In Nigeria, meningitis case is defined according to the WHO case definition, and since all the cases in this study are suspected cases, is thus defined as follows:

A suspected meningitis case is defined: “as a person with sudden onset of fever (>38.5˚C rectal or 38.0˚C axillary) with one or more of following symptoms: neck stiffness, meningeal sign, or altered consciousness” [16] .

2.2. Socioeconomic and Population Data

Annual socioeconomic data between 2000 and 2011 for the 36 states and Federal Capital Territory (FCT) in the country were obtained from the Nigerian National Bureau of Statistics (NBS). Data obtained includes percentages of population living in absolute poverty and adult literacy. State’s population census (2006) was obtained from the Nigerian Population Commission (NPC), Nigeria. Annual population estimate for each state was calculated forward and backward using Nigerian population growth rate index provided by World Bank. Population density for each state was computed by dividing each state’s population with its aerial cover in square kilometres.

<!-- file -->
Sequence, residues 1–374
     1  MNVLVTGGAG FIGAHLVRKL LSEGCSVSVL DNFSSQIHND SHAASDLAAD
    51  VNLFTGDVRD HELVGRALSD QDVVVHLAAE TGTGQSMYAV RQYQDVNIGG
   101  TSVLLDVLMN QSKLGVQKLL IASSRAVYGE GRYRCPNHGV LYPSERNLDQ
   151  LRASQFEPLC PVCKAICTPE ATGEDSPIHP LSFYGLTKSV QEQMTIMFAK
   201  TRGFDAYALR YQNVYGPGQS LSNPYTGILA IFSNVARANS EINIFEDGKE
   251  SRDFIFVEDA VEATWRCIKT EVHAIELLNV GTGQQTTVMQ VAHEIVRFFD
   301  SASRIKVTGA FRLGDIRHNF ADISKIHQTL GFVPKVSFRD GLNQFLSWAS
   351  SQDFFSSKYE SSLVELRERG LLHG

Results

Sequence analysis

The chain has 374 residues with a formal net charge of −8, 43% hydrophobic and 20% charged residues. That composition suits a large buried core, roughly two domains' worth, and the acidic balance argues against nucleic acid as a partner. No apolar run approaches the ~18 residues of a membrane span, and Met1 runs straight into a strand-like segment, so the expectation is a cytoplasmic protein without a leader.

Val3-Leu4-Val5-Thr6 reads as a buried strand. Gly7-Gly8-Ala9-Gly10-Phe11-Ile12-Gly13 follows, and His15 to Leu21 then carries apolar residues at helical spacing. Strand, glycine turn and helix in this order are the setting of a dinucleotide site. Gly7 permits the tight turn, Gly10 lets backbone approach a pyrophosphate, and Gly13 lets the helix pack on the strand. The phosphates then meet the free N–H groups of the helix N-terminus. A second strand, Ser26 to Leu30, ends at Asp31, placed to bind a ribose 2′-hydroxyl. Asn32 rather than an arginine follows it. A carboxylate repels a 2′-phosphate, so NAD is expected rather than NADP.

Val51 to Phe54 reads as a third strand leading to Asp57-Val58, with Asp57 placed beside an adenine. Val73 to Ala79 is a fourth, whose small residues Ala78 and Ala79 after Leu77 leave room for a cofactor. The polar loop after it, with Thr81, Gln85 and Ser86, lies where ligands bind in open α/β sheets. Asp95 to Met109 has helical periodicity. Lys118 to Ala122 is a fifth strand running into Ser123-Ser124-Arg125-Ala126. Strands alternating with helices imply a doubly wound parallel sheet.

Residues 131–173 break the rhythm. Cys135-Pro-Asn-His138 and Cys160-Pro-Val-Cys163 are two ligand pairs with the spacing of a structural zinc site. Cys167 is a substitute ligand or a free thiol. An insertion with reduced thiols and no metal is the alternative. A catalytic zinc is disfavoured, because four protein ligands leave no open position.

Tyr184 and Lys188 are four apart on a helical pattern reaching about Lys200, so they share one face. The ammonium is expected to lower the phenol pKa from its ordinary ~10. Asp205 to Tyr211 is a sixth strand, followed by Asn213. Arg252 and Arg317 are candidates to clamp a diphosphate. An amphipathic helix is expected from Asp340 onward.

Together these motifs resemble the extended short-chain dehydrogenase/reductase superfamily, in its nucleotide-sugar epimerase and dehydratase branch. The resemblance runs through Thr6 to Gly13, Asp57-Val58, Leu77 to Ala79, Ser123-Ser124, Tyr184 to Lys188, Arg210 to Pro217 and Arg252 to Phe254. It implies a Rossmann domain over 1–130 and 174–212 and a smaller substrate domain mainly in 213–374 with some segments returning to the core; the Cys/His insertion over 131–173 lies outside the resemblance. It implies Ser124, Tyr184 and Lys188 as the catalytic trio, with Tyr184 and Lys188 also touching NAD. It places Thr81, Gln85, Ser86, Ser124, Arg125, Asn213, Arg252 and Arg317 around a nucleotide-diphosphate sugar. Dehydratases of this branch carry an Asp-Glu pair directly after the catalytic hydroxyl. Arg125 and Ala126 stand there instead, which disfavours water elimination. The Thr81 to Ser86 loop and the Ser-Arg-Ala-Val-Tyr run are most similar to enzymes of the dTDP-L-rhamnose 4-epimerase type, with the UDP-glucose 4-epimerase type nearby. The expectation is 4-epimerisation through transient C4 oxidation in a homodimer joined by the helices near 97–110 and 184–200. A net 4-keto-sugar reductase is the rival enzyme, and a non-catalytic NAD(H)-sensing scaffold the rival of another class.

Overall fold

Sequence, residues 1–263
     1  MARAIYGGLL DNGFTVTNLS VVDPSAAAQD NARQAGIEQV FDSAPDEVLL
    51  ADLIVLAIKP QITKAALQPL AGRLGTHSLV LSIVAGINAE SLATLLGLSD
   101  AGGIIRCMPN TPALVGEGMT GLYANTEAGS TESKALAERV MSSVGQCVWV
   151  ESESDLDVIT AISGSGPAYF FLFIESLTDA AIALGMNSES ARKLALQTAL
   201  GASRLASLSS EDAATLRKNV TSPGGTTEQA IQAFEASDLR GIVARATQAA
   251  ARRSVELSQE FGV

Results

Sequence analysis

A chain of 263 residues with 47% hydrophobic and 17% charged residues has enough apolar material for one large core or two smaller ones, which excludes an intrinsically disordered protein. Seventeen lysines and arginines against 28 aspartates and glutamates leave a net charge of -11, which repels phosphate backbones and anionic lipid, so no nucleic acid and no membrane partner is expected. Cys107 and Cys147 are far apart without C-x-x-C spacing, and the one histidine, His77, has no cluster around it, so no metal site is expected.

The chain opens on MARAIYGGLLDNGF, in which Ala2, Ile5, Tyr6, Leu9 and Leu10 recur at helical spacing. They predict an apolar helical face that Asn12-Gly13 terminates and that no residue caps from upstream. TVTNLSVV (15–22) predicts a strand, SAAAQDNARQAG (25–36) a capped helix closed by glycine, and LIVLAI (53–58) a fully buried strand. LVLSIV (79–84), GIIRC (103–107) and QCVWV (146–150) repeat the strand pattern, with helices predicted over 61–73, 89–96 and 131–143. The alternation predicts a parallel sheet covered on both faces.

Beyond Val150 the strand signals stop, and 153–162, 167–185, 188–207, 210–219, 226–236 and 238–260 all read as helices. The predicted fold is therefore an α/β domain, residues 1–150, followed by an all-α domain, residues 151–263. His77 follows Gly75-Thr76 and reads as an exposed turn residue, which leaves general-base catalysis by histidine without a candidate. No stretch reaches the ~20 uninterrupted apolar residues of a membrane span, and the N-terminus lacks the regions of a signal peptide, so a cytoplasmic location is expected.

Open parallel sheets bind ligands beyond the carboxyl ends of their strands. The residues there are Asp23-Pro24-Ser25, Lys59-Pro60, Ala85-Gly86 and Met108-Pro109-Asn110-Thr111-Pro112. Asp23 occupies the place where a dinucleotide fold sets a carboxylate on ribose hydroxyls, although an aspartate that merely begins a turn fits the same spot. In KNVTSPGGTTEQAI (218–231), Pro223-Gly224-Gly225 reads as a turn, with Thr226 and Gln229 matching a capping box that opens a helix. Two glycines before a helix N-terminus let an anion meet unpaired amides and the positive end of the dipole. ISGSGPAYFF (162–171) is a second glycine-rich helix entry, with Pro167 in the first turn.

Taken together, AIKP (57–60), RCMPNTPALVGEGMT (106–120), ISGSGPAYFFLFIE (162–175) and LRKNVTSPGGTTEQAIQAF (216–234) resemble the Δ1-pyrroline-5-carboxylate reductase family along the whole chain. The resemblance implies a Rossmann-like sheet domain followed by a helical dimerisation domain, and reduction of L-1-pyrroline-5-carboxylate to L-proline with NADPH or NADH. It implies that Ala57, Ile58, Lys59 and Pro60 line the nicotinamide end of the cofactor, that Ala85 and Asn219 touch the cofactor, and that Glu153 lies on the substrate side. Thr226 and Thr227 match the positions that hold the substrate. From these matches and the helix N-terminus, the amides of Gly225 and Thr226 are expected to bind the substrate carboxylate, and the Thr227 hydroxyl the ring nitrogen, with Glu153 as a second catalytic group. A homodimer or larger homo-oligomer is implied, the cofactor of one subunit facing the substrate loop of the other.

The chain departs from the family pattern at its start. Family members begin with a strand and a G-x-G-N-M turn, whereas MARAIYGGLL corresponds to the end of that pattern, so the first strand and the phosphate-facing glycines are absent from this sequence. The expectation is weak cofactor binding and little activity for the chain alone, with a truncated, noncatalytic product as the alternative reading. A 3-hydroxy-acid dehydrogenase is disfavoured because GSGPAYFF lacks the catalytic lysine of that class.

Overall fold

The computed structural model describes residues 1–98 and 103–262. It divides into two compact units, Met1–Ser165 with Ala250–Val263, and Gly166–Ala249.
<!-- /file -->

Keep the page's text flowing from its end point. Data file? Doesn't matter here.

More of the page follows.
2.3. Measuring the Spatial and Time Distribution of Diseases

Annual incidence rate (IR) per 100,000 of population and case fatality rate (CFR) for meningitis were computed from the WHO national records between 1991 and 2011. IR and CFR were also calculated for each of the 36 states in Nigeria and the Federal Capital Territory (FCT) Abuja, using the annual state levels cases and deaths reported between 2000 and 2011 obtained from NCDC.